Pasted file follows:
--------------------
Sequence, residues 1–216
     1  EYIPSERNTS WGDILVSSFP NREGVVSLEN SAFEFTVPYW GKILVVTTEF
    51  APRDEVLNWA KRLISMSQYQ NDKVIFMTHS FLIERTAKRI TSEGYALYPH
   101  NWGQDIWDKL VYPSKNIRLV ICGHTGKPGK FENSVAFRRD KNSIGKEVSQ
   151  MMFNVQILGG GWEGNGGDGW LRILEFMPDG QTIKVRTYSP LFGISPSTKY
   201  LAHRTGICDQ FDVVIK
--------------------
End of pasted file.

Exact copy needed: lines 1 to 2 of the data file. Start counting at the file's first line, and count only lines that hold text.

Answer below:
Sequence, residues 1–216
     1  EYIPSERNTS WGDILVSSFP NREGVVSLEN SAFEFTVPYW GKILVVTTEF